We all know property prices rise over time. So the person who buys to rent is aware there's likely to be a capital gain on sale of the property. The issue is you must buy for the income, not the capital gain.
The same applies to the sharemarket. Buy shares like Xero for fat dividends once they make profits and your sale of Xero shares for a gain is not taxable. Buy Genesis shares and sell them soon after issue "to take a profit" as sharebrokers say, and the gain is probably taxable.

Under-promise, over-deliver for good referrals

It should be obvious to anyone in business, not keeping your word does nothing to enhance your image.
It's often hard to tell a customer, very politely of course, "You'll have to wait". You might be a very small building company and know you won't have a gap in your work for six months.
If this is the situation, tell the customer you can start in seven months, turn up after 6½ and you'll be praised. Say you'll be along in three months (to keep the customer happy) and they'll hate you for taking six.
Never promise more than you can achieve. It's better to lose jobs than to upset customers, because happy customers are the very people who are going to recommend you for your next job. You'll get payback when the economy goes bad again, as it inevitably will one day.
You'll get referrals when others won't.

Que? This time the waiter delighted the customers

It reminded our two friends of a Fawlty Towers episode. They went to a restaurant and ordered rhubarb strudel.
However, the Italian waiter carefully recorded two roulades. "Rhubarb" and "roulade" sounded alike to him. When the roulades were served the guests explained this was not what they ordered.
To his credit, the waiter suggested they keep the roulades. "I will bring you your rhubarb strudels as well," he said. The guests were impressed. The lesson: If you make a mistake, delight the customer, don't merely put things right.
Staying with the restaurant theme, how often have you been engaged in an interesting conversation and the waiter or waitress has interrupted to ask if you have enjoyed your meal? The time to inquire is when the customer pays the bill, or better still, send an email next day requesting feedback (excuse the pun). This way you're likely to get a more considered opinion. Don't interrupt your customers – that's just rude.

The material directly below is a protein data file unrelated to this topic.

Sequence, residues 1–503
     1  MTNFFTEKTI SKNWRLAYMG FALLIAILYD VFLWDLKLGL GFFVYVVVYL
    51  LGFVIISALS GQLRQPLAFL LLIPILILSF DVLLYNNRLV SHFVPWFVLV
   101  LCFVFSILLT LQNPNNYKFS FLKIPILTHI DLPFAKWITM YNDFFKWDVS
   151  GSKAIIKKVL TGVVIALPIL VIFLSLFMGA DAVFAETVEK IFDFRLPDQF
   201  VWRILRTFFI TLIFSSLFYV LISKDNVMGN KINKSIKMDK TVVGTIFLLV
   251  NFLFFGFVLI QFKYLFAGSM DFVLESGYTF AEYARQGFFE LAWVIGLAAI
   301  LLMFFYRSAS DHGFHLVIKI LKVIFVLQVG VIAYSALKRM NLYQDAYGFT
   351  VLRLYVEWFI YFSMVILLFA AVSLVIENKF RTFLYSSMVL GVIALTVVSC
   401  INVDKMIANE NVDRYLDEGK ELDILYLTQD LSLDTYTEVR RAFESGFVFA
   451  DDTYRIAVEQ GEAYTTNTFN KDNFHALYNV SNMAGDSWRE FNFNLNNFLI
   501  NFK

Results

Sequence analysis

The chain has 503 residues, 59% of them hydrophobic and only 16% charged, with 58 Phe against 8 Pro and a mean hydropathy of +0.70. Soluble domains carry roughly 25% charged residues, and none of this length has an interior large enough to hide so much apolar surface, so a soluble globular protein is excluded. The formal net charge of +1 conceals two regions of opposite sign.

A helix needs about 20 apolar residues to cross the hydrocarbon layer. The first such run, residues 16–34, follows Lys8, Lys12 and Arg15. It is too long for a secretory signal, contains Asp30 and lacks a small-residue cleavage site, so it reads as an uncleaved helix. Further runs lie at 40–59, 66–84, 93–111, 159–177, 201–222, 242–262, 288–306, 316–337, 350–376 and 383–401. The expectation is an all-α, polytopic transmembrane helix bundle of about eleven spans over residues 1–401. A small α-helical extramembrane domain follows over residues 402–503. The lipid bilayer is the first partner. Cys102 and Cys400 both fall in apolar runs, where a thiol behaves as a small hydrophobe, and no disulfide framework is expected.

If you're an unhappy customer, tell the staff when they ask you and give them a chance to respond. Don't vent your spleen on the internet. That's not fair, unless, of course, they won't listen.

When missing out creates opportunities

What do you do if you've missed out on a contract?
Stu is a real estate agent. He tried so hard to sign Norm up when he was selling his house. His was the best presentation. However, he didn't succeed.
When he found this out he wrote a very nice letter to Norm thanking him for being invited to tender this time and wishing him well with the sale of his house. Norm was so impressed he has told other people.
If Stu always does this (and you can bet he does), he'll inevitably get more referrals than he would have done. Stu is a top salesman. Surprised?
Amy is a top-flight caterer. She was invited to quote for a wedding. She missed out.
When she was told she had been unsuccessful, she asked (very nicely) why. She wanted to know what she could do better next time. Then, and this is the key, she sent an email to the bride and groom a short while before the big day wishing them the best.
Will she be remembered and get referrals? What do you think?
If you lose out when you've quoted, see if you can learn from Stu and Amy. Don't be sore about losing. Treat it as an opportunity to get more references.

Banks are cashing in on PIE investments

PIEs are great for the banks.
They are now offering PIE investments at a lower interest rate than term deposits. They argue if you adjust for the tax saving you actually get a bit more with a PIE than you would for a term deposit. Where does the difference go? Answer: into the bank coffers.
Presumably, the banks might argue there is a higher administration cost in a PIE.
This may be a good example of an unintended consequence.
When the then Minister of Finance introduced the idea of a top 28 percent tax on PIE investments, did he think at the time this would lead to further enrichment of the banks and leakage of our overseas funds?
Shop around if you're an investor. Not all banks are doing this on all investments.

Chronically short of time?

Here are some suggestions if you never seem to have enough time to get things done:
  • Emails are a menace. Channel them through your secretary, if you have one. Don't let people email you directly. If you don't have a secretary, maybe you need a part-timer at least. The PA needs to learn from you what can be culled.
  • You need a portion of each day when no one can contact you, including staff. Use this time to focus on your most important work ONLY.